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Billy Cobham - Total Eclipse CD (album) cover


Billy Cobham


Jazz Rock/Fusion

3.74 | 55 ratings

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3 stars This, the third solo album from Billy Cobham in less than two years, shows the gifted drummer taking his music even further back into his jazz roots and continuing to distance himself from the rock mentality that so influenced the first and, to a lesser extent, the second LP. It's just as well because I don't think he could have ever matched the genius of "Spectrum." (As it is, all of his subsequent albums ended up being compared to that masterpiece, anyway.) But "Total Eclipse" still entertains, mainly because of the caliber of fine musicians that contribute their admirable skills to the project.

As he did on "Crosswinds," Billy opens the album with a suite of different musical ideas strung together. This one is called "Solarization" and the opening segment of the same title has a rousing, frantic beginning featuring a tight horn section with sizzling electric guitar. Guitarist John Abercrombie will never fill Tommy Bolin's sizable shoes in Cobham's band but he turns in a pretty fierce lead here that is hard to overlook. "Second Phase" is basically some avant garde solo acoustic piano noodlings from Milcho Leviev that lead directly into "Crescent Sun," a smooth contemporary jazz number that features Glenn Ferris playing some excellent trombone. "Voyage" is a return to the earlier frenetic pace as Randy Brecker's trumpet, Billy's hot drumming and John's guitar take turns trying to top each other. "Solarization - Recapitulation" is a brief return to the original theme. Taken as a whole the entire suite is exciting in places but not particularly memorable when all is said and done.

"Lunarputians" reveals what really happened to Billy Cobham. He, like many others in that era, was seduced by the FUNK. This tune is pure James Brown in its feel from the get-go and it never lets up for a moment. I call it complex soul music and Ferris' expressive trombone gives it a real kick in the tail. One of the things I really enjoy about Cobham's music is his ability to create remarkable melodies and "Total Eclipse" has the best one on this album. It's standard MOR urban jazz but it has an infectious "walking" groove that will get your foot tapping in time. Leviev throws down an exemplary acoustic piano ride then, after a clever horn section breakdown, Mike Brecker steps up and delivers a searing soprano sax lead. Abercrombie's guitar solo gets a little too intense for the welfare of this tune toward the end, however, and he siphons off some of the momentum. I appreciate the lightning tempo of "Bandits" but it sounds like something Billy and bassist Alex Blake came up with one session when the other musicians were AWOL because, other than some small contributions from John, it's just the rhythm section running wild. Blake plays a lot like Stanley Clarke (except that he doesn't generate the cool tone that Stanley does) and Cobham takes a few bars for himself, showing that he is, indeed, a drummer foremost.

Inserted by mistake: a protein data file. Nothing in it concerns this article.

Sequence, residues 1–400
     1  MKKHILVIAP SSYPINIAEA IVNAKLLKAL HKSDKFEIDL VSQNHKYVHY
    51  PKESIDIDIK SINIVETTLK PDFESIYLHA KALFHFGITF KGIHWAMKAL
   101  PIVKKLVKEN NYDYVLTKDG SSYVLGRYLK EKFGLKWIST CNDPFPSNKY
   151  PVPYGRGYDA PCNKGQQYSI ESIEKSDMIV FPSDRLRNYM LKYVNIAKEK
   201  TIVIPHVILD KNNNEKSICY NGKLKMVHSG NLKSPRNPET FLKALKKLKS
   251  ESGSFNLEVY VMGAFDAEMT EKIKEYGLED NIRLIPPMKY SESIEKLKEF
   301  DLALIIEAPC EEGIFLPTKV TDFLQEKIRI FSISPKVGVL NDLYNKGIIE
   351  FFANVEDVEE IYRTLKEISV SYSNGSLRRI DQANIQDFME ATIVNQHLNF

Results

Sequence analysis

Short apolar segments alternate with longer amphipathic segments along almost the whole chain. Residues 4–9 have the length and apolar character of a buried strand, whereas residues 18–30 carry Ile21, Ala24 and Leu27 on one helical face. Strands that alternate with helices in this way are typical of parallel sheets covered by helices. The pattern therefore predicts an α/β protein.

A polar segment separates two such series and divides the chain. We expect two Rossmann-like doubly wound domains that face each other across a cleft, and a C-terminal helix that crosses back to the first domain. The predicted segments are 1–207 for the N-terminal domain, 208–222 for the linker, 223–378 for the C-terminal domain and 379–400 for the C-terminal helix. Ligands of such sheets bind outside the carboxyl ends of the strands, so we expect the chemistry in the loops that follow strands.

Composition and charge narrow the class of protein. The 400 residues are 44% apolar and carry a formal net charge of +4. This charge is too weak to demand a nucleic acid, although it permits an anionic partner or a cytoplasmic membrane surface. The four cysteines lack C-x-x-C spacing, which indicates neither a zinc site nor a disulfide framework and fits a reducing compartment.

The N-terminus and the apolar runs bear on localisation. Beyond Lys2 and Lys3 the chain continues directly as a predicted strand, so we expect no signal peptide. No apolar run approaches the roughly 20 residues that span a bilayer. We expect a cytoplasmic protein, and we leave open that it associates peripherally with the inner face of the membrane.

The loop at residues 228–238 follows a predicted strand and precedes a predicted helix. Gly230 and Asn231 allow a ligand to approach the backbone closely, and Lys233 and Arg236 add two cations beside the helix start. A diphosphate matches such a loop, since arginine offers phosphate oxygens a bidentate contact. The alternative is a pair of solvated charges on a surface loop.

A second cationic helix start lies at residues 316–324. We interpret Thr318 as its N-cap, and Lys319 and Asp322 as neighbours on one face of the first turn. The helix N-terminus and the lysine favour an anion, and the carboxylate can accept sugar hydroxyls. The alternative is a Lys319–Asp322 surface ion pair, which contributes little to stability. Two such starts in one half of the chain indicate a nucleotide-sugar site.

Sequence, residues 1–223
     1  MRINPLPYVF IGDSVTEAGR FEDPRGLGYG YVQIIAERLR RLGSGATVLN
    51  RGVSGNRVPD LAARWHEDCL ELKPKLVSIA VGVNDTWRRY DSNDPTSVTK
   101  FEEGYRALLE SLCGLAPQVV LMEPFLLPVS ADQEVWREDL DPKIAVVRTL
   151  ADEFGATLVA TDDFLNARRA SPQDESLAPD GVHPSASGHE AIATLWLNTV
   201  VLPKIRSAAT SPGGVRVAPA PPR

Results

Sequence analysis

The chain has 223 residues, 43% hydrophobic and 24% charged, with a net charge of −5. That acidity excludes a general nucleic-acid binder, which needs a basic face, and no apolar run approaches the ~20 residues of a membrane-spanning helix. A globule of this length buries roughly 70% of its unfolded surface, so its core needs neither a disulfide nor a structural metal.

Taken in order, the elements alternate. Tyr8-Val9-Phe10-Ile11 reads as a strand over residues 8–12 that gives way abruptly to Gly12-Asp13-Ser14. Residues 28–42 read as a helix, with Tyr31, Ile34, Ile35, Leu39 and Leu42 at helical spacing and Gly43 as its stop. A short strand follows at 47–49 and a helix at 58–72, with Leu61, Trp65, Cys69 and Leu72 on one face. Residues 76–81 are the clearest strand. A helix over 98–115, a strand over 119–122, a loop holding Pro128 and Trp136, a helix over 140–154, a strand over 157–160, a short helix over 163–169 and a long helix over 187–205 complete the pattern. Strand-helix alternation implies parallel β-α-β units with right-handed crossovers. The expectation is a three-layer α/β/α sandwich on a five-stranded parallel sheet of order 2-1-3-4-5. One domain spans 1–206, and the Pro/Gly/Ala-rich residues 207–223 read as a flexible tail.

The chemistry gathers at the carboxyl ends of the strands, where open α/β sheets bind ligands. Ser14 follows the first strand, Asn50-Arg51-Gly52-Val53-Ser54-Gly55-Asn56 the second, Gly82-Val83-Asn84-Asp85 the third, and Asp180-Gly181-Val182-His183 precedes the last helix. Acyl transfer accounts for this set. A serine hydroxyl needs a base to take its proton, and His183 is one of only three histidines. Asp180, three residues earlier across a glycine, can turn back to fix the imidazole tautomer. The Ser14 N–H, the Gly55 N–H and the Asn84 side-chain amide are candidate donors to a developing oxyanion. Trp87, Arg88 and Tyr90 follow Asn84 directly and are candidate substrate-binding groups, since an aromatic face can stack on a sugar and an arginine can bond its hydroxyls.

"Moon Germs" is basically a dance song that allows guest guitarist Cornell Dupree to add his veteran two cents worth before letting Mike Brecker clear the room with a blistering tenor sax solo. I'm not a huge fan of John Abercrombie's style and I'll tell you why. Here his brittle tone borders on annoying and there's really no excuse for it. 'Nuff said. "The Moon Ain't Made of Green Cheese" is next and it's a welcome but too brief change of mood in which Cobham performs on acoustic piano accompanied by Randy Brecker's delicate horn. Very nice piece. "Sea of Tranquility" is a brave, adventurous tune with an involved, intricate modern jazz melody that allows Mike, Milcho and John to stretch out a bit and fully demonstrate their individual virtuosity. A spacey intro on the Rhodes electric piano sets you up for a short flourish from the horn section followed by a four-minute drum solo on the closer, "Last Frontier." Billy's lone chording on the acoustic piano takes things out on a serene note.

While there's actually nothing to complain about, there's also very little to go totally nuts over, either. Many of the numbers are glorified jams and, while there's nothing inherently wrong with that approach at all, it makes it much less progressive in nature. Billy's lightning quick hands and feet are still as amazing as they ever were with Mahavishnu Orchestra but I get the sense that he was beginning to deplete his storehouse of song ideas about that time and bringing in the best players he could find was a smart alternative. It's good music, to be sure, but in the jazz world an album has to be extraordinary to rise above the norm. This one doesn't. 3.1 stars.

Chicapah | 3/5 |


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